I pull him aside and ask him to explain what happened. He stares away silently.

“Look, you have a free pass from trouble your first day. You yelled, but you'll get no referrals and no detention. But I need to know the whole story.”

“He asked about my ankle bracelet. I don't know. I've been explaining it to everyone. It's not like they're perfect either, right? I just lost it. Something in me snapped and it's almost like I was watching myself from a distance.” So he stays in my class and he works hard.

A month later, Mohawk Boy says, “I think you made a mistake,” as he hands back his permission slip.

“Did I misspell your name or something?” I ask.

“No, I'm not allowed on field trips. I've never been allowed to go.” It's true. He's been an “at-risk” kid since the primary grades and “at-risk” children are too risky for art museums and movie theaters and roller skating rinks. It's best to treat students as liability to be managed.

A teacher warns me that Mohawk Boy is not mature enough to handle the field trip. “Not mature” is just a nicer way of saying, “This kid's a screw-up that you can't trust in the real world.” But if you say it with just the right tone of voice and a smile on your face, even a child will begin to believe he is not entitled to the same learning experiences as the rest of a class.”

“You wouldn't tell him he can't have pencils, would you?” I ask the teacher.

“What can he do with a pencil?”

“He could break it or he could stab a kid. I mean, pencils are pretty dangerous tools,” I explain cynically.
When I tell Brad the story, he tells me that some people expect perfection and are always disappointed with those who fail to reach it. “That's the thing I want this teacher to see. This kid is broken like the rest of us and he needs to be trusted.”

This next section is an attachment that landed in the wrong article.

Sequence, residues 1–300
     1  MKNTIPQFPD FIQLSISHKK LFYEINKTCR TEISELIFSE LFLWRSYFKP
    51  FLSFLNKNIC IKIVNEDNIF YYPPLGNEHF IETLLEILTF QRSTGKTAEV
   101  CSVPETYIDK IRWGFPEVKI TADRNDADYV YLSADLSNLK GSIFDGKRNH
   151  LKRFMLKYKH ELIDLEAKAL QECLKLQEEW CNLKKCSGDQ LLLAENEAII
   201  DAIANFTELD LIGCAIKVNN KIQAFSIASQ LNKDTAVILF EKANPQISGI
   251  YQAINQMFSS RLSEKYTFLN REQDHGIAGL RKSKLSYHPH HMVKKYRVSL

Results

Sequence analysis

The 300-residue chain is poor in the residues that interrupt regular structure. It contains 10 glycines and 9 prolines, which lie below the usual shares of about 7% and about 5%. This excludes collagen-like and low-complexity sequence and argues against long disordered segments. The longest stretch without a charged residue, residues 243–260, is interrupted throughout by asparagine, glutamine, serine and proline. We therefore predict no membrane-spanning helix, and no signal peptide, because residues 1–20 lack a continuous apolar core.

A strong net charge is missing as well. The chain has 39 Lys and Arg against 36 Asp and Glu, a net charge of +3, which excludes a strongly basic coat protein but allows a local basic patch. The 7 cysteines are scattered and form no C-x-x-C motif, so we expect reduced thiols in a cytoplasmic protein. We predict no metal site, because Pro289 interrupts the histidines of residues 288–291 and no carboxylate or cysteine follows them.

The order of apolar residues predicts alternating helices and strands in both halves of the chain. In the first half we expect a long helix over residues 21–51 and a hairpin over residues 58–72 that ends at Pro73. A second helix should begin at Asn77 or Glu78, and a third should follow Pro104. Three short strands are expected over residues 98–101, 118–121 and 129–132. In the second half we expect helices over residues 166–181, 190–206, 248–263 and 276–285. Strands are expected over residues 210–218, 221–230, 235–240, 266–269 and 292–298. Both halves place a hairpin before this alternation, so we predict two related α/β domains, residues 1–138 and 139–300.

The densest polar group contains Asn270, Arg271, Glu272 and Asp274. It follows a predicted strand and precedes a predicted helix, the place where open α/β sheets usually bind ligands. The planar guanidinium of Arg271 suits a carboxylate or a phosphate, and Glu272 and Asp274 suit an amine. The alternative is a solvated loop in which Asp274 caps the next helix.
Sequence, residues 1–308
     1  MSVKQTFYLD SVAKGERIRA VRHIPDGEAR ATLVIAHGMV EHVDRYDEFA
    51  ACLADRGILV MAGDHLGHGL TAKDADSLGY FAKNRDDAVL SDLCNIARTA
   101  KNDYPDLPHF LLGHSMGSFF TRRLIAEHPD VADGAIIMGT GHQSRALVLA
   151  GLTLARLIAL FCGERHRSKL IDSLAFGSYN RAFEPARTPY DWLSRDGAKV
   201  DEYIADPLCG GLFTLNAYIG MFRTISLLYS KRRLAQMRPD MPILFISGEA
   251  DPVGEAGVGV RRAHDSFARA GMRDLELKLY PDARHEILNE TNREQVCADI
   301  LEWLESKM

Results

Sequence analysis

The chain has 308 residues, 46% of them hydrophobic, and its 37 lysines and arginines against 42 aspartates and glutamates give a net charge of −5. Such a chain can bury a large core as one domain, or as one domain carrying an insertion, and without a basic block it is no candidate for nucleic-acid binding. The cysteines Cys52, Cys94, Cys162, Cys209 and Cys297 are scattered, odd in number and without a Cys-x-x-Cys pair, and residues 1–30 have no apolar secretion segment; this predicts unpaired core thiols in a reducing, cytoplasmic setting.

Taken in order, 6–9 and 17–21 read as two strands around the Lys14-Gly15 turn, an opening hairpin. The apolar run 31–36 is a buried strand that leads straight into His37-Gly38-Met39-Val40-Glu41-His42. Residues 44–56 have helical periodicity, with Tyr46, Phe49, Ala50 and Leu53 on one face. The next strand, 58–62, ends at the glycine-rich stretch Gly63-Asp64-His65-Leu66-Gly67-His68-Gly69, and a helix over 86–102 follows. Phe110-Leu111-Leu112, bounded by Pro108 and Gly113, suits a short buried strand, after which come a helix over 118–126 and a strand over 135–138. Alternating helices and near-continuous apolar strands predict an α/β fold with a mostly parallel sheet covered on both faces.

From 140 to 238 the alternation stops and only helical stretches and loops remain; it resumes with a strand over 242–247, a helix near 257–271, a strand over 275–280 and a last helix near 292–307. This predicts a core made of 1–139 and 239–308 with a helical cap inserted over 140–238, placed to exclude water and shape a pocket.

“Actually, John, I was talking about you. Every teacher is on a journey. You have to believe that people can change. So, maybe Mohawk Boy is able to handle the field trip and maybe that will lead the teachers to change. But you have to believe that people can change.” Brad warns me that cynical answers can hurt just as much as being banned from field trips and again, I'm seeing This Old House and the broken shag carpeting once again.

*     *     *
So, we're at Arizona State University and I have the group of trouble-makers. I call them my Legion of Piss-Poor Scholars and I prep them in advance for questions about college. Mohawk Boy asks me if kids with a permanent record are banned from college. I tell him about Johnny and his journey and Mohawk Boy asks me, “Do you think this is for me?”

“Yeah, I can see you in college,” I answer.

“You have to say that since you're a teacher,” he responds.
Maybe I do. Who knows? But maybe it's a teacher's job to see something valuable underneath the shag carpet; something deeper than a formula or a project or a “buck up and get it together” pep talk. When I can see him as broken, I can see his potential.

No comments:

Post a Comment